The Review of the U.S. Department of Homeland Security’s Structure in the Context of Punctuated Equilibrium

Fatih Karakus
DOI Number:
The Department of Homeland Security (DHS) was created in the aftermath of 9/11 terror attacks which was highly an extraordinary period. The Bush Administration already had a policy agenda intended to make radical changes in the federal management structure. However, it lacked public and political support. 9/11 provided the administration with the window of opportunity. Oppositions from the Congress and unions were manipulated with national security rhetoric. Then, the creation of the DHS was decided by a small group of people in the administration. Experts and affected agencies were not included in the process which yielded to redundancies in organizational structure. Therefore, The DHS structure should be revised and reorganized to avoid these redundancies in responsibilities and budget, and network structures should be addressed more for better coordination and collaboration.


Department of Homeland Security, Punctuated Equilibrium, Large Leaps, Redundancy, Networks, Political Discourse.

Full Text:


Brook, D. A., King, C. L. (2007). Civil service reform as national security: The Homeland

Security Act of 2002. Public Administration Review, 67(3), 399-407

Jaccard, J., & Jacoby, J. (2010).  Theory construction and model-building skills:  A practical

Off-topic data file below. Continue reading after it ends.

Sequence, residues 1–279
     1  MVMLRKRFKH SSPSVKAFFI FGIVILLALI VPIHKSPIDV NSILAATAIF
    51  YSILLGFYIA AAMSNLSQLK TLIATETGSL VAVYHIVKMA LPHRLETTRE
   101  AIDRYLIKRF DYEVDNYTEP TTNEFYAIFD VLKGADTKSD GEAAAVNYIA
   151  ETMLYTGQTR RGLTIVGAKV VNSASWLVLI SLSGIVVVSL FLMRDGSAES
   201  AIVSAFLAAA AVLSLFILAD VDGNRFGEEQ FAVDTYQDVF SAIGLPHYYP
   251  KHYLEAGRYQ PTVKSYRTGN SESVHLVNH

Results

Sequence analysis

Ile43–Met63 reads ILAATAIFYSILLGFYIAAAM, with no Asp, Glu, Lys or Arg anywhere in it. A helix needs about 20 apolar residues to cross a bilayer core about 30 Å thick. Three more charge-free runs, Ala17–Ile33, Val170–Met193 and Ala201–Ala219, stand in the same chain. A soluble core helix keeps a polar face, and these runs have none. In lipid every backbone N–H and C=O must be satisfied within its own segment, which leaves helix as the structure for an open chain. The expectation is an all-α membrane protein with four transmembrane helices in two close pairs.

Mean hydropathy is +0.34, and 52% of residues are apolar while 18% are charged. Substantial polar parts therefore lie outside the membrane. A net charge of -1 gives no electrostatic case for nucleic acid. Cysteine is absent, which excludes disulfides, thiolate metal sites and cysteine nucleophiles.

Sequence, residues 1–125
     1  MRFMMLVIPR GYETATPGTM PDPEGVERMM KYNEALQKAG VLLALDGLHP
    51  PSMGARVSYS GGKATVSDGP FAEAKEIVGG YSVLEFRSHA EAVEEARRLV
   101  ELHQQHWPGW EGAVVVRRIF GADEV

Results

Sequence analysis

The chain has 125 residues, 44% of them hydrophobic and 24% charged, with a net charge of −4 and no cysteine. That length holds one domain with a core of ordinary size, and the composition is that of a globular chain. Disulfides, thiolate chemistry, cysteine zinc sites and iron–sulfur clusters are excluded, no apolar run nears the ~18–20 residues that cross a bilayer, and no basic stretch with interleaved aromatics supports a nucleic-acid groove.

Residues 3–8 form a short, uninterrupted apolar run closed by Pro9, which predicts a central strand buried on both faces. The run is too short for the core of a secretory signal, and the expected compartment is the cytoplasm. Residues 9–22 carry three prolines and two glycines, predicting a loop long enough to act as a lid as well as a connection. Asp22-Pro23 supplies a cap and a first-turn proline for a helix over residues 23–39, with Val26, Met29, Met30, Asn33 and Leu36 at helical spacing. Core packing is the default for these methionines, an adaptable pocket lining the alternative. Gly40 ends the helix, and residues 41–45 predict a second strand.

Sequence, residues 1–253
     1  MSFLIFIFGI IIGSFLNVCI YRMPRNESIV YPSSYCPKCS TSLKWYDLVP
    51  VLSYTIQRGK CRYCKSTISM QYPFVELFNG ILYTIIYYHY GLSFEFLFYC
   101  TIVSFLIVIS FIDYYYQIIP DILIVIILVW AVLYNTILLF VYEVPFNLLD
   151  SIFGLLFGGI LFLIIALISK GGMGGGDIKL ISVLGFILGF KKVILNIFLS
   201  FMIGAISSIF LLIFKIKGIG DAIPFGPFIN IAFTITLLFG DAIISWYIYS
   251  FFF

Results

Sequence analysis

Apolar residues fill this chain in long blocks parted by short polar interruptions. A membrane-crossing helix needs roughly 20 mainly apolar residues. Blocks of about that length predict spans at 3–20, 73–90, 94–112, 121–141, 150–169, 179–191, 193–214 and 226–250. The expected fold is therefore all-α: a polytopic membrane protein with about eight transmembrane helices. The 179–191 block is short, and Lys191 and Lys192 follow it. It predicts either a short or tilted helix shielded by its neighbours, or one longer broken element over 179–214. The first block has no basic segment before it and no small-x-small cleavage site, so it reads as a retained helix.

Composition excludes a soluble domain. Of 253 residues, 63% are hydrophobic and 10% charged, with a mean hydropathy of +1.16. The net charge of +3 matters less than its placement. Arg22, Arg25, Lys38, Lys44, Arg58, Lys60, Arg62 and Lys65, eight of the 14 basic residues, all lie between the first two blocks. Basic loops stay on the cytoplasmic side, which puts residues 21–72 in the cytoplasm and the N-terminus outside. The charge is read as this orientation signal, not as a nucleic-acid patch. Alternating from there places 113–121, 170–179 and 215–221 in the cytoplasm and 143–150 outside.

guide for social scientists.  New York:  The Guilford Press.

Kettl, D. F. (2003). Contingent coordination practical and theoretical puzzles for homeland

security.American Review of Public Administration, 33(3), 253-277

Lindblom,C.E.(1990).Inquiryandchange:Thetroubled attempttounderstandandshape


Moynihan, D. P. (2005). Homeland security and the U.S. public management policy agenda.

Governance: An international Journal of Policy, Administration, and Institutions,


O’Toole, L. J. (1997). Treating networks seriously: Practical and research-based 

agendas in public administration. Public Administration Review, 57(1), 45-52.

Perrow, C. (2006). The disaster after 9/11: The Department of Homeland Security and the

intelligence reorganization.Homeland Security Affairs, 2(1), 1-32

Rugy, V. D. (2008) Facts and figures about seven years of homeland security spending.

Working Paper, 08(2), 1-8

Smith,K.B.&Larimer, C.W.(2013).Thepublicpolicytheoryprimer(2nded.).Boulder,


Stachowiak, S. (2016, April 3). Pathways for change: 6 theories about how policy change

happens [Online Brief]. Retrieved from


The Department of Homeland Security organizational chart (2018, January 20).

Waugh, W. L. (2003). Terrorism, homeland security, and the national emergency

management network.Public Organization Review: A Global Journal, 3, 373-385

Wise, C. (2006). Organizing for homeland security after Katrina: Is adaptive management

what’s missing? Public Administration Review, 302-318